When Kalibrr CEO Paul Rivera sought Globe Telecom’s venture capital (VC) arm Kickstart Ventures to fund his job-matching startup, he had nothing but a Powerpoint presentation. Kalibrr was just an idea and Rivera was still employed by Google in the US.
It was his commitment to turn the business idea into reality that made all the difference to Kickstart Ventures President Minette Navarrete, who said yes to his pitch.
“When you do very early stage investments, very frequently, the financial projections are guesses. There is nothing certain. The business plan, the product development, the technology, all of that will change,” Navarrete shared as she spoke during a breakout session at the “Women Next: Accelerating Tomorrow to Now” forum on Tuesday, November 28.
“So, the one thing that is constant is the founder, the founding team, the people. So for us, we look for strength of character. (Paul) was committed to move to the Philippines full-time. He was in it. I think for us, that encapsulates a lot of early stage [investing]. A quality of thought around the problem and the full commitment of the founder.”
Navarrete spearheaded the Ayala Corp. subsidiary’s rise into one of the leading venture capital firms in the country. Kalibrr was one of the first companies it invested in. Kickstart Ventures has made 36 investments in startups based in different cities across Southeast Asia since its inception in 2011. The list includes fashion e-commerce site Zalora, financial technology firm Coins and online real estate marketplace Zipmatch, among others.
But prior to her stint in the VC firm, Navarrete managed a major shopping mall and headed a digital gaming company. She may have hopped from one firm to another, but she said it was only because she knew it was time to learn something new.
With her extensive experience in the startup community, it was inevitable that one of the members of the audience during the talk asked her: What should startups do before pitching to Kickstart Ventures?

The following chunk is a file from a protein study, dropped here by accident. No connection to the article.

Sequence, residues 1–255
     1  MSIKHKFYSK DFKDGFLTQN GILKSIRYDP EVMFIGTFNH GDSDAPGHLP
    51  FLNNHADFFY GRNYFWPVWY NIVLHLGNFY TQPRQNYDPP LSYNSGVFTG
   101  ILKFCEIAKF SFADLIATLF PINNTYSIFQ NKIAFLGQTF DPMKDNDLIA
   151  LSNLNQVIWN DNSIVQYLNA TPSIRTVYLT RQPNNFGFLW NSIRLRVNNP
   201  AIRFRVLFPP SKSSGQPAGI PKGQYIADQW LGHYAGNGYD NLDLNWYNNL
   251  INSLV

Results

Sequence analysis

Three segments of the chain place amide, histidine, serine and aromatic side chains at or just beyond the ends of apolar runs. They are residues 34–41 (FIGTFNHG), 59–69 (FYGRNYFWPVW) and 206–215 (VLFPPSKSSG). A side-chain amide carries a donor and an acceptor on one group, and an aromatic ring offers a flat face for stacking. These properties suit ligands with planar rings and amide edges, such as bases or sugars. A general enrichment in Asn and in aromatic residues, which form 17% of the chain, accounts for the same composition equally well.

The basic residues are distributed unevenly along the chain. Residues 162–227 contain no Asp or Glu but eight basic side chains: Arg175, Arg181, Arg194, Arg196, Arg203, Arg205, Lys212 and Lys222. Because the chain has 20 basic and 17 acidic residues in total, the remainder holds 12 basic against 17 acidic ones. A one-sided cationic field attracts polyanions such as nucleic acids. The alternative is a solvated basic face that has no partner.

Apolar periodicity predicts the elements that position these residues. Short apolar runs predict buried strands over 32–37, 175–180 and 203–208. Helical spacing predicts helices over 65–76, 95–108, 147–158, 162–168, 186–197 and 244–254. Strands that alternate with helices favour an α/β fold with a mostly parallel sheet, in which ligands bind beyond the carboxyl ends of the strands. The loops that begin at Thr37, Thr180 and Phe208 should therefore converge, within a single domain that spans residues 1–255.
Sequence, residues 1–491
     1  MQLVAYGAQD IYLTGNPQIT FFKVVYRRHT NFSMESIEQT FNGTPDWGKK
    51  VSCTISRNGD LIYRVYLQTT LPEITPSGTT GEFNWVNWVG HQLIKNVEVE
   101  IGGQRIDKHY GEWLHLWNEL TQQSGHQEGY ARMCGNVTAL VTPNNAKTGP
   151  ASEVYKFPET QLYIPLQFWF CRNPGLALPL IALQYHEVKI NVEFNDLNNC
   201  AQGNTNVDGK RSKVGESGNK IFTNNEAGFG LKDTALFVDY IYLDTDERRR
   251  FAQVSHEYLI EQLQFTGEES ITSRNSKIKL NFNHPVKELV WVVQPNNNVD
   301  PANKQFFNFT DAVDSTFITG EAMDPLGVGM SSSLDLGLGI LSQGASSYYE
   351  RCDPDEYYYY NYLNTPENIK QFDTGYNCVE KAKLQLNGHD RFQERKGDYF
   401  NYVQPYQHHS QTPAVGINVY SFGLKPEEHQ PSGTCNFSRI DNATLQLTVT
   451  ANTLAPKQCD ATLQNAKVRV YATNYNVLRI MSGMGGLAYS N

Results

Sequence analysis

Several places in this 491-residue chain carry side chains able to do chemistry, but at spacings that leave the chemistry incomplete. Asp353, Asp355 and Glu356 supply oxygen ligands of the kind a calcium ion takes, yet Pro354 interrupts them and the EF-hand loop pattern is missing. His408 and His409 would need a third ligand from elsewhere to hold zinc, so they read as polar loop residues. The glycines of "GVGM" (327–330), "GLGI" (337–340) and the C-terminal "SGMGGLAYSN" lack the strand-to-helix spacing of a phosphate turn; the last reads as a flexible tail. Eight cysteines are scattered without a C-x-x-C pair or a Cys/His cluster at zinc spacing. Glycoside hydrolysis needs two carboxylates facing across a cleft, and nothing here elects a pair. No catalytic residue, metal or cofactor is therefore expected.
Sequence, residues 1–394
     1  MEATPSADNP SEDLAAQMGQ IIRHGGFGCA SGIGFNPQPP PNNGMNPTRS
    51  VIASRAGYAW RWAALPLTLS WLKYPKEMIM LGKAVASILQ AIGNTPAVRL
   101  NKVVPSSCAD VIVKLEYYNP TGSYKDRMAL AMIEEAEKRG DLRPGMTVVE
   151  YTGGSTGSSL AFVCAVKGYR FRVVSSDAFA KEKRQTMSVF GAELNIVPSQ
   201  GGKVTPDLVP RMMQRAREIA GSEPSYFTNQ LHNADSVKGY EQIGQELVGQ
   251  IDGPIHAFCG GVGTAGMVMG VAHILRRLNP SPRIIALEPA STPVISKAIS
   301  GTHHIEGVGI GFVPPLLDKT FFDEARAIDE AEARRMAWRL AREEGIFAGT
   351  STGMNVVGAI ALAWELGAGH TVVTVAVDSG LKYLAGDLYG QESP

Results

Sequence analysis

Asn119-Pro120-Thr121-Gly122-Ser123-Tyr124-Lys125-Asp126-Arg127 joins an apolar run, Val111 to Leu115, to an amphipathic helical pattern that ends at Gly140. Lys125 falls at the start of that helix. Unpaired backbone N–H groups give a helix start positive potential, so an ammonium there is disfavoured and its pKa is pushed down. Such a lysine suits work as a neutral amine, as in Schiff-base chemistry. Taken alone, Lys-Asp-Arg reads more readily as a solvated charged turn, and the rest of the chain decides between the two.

Navarrete shared some tips.
“If you have a business idea, I would test it with potential customers first. Because when you go to any investor, whether it’s an angel, whether it’s your family or your friend and you’re trying to raise funds, they would want to know if you are solving a real problem,” she said. “And how would you find out that you’re solving a real problem? You try and ask people. You try and test it. You don’t test it in an expensive way. You don’t make a gold-plated product. Just try and test it and see what people will try and what people will use.”
Validating one’s assumptions would be a good starting point for a startup so by the time you are in front of potential investors, you have some progress to report. Still, even if the business plan doesn’t sound right or when the idea seems undeveloped, Navarrete said she’d still give the project a chance if the founding team looks very solid and committed.
“Frankly, we look for the depth of understanding and insight [from the founders]. And that’s important because this is a difficult thing founders are trying to do. Entrepreneurship in and of itself is hard. But innovation is particularly hard. And without the big resources, it can be very daunting,” she said. “So it’s important that as you face a lot of uncertainty and difficult choices, we look for founders whose values are rock solid.”
Elyssa Christine Lopez is a staff writer of Entrepreneur PH. Follow her on Twitter @elyssalopz